Words: Guest Author | Photography: Daniel Sharp | Date:
Film: Droptree Productions
Alex Stieda should have been a tour guide. Sure, he was the first North American bicycle racer to don the yellow jersey at the Tour de France but at this current moment, on our way back to Jasper, Alberta from his hometown of Edmonton, he is in full-on tour-guide mode.
The four-hour drive from Edmonton is not new to us. Earlier in the day we made the journey from the small, middle-of-nowhere town of Jasper to collect our Rapha Continental compatriots, as well as Stieda, and make the trek back. Our journey began on the West Coast, then up through the desolation that is the middle of Canada. Beautiful desolation, but desolation nonetheless. As we made our way through Vancouver and Kamloops, the mountains started to take shape. They started as grassy, soft-looking hills off to our left. Every once in a while, a sharp crack would pop up through the greenery, evidence of the hard rock beneath. Slowly but surely those cracks gave way to mountains that eventually towered over our van as day progressed well into night and we eventually arrived in the town of Jasper.
In the early morning hours we head out on the same road to Edmonton. The fog cover that blankets the whole of the countryside is enough to prevent us from seeing anything beyond the occasional cliff peaking out through the mist. Black and blue looking lakes slide out from under the damp covering, as we squint our eyes and search the road and its shoulder for the wildlife that numerous signs tell us are everywhere. The way back, however, is another story entirely. The light of day lifts the clouds and the road to Jasper has become an entirely different experience.
The sunshine is golden as it starts to creep behind the mountains. The windows are open to let in the sweet mountain air and everyone in the van has their faces pressed up to the glass. All the while Alex Stieda, who is sitting up front in the passenger seat, is telling stories. There is a break in the cycling talk as he points out the lake to our right. The shores of the lake run right up to the edge of the road, which makes it hard to see the scene that he is describing. Apparently, some of these lakes empty out in the winter. The glaciers freeze and the flow of water comes to a halt, leaving these full lakes dry and devoid of all water. This fact is compounded by a story of a nearby town (there are towns nearby?) that decided for whatever reason that they no longer wanted the water back in the summer and attempted to plug up the meeting point of glacial run-off and the lake using whatever they had nearby to do it. Mattresses, bed frames, old cars, anything that would, or could, be used was piled into the hole to prevent the lake from filling once again. It didn’t work.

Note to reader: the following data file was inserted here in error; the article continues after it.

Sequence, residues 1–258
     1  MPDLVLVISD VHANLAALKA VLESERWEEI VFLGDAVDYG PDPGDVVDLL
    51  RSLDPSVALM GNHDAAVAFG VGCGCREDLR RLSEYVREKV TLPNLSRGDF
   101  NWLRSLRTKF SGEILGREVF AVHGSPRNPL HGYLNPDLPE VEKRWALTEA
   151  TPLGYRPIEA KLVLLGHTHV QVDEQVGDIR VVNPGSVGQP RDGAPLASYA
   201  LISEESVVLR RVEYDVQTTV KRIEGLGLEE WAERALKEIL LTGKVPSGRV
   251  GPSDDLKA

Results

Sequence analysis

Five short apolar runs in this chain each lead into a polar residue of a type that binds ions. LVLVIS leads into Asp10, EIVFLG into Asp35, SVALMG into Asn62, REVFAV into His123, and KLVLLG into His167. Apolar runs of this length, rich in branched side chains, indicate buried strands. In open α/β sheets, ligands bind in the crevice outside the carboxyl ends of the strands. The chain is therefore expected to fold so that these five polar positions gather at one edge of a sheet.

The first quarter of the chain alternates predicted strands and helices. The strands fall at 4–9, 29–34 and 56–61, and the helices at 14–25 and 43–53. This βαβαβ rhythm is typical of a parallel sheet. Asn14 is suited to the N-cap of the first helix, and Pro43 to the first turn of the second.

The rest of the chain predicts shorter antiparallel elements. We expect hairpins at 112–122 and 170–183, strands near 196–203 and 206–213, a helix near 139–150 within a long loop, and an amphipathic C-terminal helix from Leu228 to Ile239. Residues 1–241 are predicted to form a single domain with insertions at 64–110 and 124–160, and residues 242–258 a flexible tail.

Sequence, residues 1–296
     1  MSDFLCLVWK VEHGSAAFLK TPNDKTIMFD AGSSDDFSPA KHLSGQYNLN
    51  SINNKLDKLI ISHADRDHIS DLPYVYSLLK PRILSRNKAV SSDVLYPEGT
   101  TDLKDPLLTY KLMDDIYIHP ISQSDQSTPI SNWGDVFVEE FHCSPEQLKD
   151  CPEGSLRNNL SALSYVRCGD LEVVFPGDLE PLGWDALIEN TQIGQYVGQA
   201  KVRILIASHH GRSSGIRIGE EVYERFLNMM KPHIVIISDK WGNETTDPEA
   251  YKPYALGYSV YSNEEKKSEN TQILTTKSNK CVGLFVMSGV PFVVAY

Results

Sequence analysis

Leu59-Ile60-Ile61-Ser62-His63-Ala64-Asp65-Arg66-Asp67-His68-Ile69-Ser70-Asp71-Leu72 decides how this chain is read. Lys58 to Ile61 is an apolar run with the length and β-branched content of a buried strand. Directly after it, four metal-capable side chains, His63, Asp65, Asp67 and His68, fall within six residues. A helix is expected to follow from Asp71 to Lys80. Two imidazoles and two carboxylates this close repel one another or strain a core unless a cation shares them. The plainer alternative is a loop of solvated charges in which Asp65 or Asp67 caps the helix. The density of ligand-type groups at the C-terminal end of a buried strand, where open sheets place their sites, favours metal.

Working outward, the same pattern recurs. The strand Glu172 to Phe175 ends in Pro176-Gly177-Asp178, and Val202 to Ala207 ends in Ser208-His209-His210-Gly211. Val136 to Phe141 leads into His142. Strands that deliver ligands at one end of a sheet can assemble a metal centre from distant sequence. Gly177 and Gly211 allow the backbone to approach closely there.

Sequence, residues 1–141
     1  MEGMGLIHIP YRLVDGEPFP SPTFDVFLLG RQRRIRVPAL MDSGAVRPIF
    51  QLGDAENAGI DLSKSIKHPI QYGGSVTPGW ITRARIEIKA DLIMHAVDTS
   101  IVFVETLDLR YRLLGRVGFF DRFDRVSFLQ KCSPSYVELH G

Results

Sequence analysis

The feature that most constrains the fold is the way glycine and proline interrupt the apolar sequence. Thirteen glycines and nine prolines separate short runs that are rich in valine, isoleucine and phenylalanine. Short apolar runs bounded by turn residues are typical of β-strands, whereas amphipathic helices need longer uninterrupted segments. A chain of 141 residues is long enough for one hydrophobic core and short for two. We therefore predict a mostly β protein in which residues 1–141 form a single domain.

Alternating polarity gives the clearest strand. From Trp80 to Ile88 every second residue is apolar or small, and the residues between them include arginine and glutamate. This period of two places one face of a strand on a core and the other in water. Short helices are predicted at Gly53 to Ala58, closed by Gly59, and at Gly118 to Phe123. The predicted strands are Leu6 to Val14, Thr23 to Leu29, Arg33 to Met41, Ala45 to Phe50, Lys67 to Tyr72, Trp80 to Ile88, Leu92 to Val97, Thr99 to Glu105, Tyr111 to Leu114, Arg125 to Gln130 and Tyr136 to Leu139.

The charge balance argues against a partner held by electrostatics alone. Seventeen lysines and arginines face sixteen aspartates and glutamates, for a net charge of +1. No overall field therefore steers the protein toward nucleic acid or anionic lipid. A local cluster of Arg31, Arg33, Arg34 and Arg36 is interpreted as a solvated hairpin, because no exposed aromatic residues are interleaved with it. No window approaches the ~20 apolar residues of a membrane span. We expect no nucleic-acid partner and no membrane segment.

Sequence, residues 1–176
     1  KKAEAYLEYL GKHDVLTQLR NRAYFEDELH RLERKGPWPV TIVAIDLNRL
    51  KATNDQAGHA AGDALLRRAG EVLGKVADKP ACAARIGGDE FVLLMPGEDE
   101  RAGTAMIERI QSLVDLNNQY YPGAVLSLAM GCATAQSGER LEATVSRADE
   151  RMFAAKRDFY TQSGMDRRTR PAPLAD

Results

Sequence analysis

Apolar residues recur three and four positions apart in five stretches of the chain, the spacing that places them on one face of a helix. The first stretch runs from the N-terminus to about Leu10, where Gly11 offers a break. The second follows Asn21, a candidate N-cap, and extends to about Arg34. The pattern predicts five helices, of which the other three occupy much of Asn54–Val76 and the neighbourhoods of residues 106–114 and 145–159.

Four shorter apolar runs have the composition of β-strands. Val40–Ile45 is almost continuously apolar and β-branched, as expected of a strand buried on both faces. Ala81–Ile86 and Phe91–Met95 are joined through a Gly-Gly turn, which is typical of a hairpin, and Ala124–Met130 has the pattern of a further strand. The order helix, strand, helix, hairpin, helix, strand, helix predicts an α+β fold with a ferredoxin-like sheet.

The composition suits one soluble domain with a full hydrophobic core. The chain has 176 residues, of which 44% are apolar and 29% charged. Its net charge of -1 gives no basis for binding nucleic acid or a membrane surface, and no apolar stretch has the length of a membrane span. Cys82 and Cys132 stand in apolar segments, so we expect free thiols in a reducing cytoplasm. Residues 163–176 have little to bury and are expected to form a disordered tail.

Intermingled with comments about the scenery — ‘the name of the peak jutting out from behind the two in front of us’, ‘how a winter alpine adventure had taken place at the top of that ridge over there’ — our timid bike racing questions start to pop up. Each and every one of them is addressed with the same enthusiasm that he has for our beautiful surrounds. His days with the Junior Track program in Vancouver, all the way up to his professional career with the prestigious 7-11 racing team and his role in helping catapult the team to the biggest bike racing stage of all, the Tour de France. But for now these stories are a little ways off, as we are just starting to get to know our tour guide — Alex Stieda.
This is to be our first day of riding. The transfer has been complete, everyone has been picked up from the airport and we have gathered in the small town of Jasper. Which, now that the light has come up, reveals a surprising number of tourists that have flocked here to the edge of the world, or at least to the edge of the wild. As we meander our way through town on the hunt for breakfast, it is apparent that this is where people come to find out what it means to be this far north. They stand in the middle of the square and alternate, first staring up at the large trees, then turning slightly to gaze at the misty mountains across the train tracks opposite the square.